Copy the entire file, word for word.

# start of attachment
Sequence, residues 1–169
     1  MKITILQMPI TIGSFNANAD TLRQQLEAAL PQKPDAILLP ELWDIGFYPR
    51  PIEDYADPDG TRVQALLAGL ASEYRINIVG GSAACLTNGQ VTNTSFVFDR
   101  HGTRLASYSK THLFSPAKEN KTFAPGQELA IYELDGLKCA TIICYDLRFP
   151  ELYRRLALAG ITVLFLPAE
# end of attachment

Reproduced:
Sequence, residues 1–169
     1  MKITILQMPI TIGSFNANAD TLRQQLEAAL PQKPDAILLP ELWDIGFYPR
    51  PIEDYADPDG TRVQALLAGL ASEYRINIVG GSAACLTNGQ VTNTSFVFDR
   101  HGTRLASYSK THLFSPAKEN KTFAPGQELA IYELDGLKCA TIICYDLRFP
   151  ELYRRLALAG ITVLFLPAE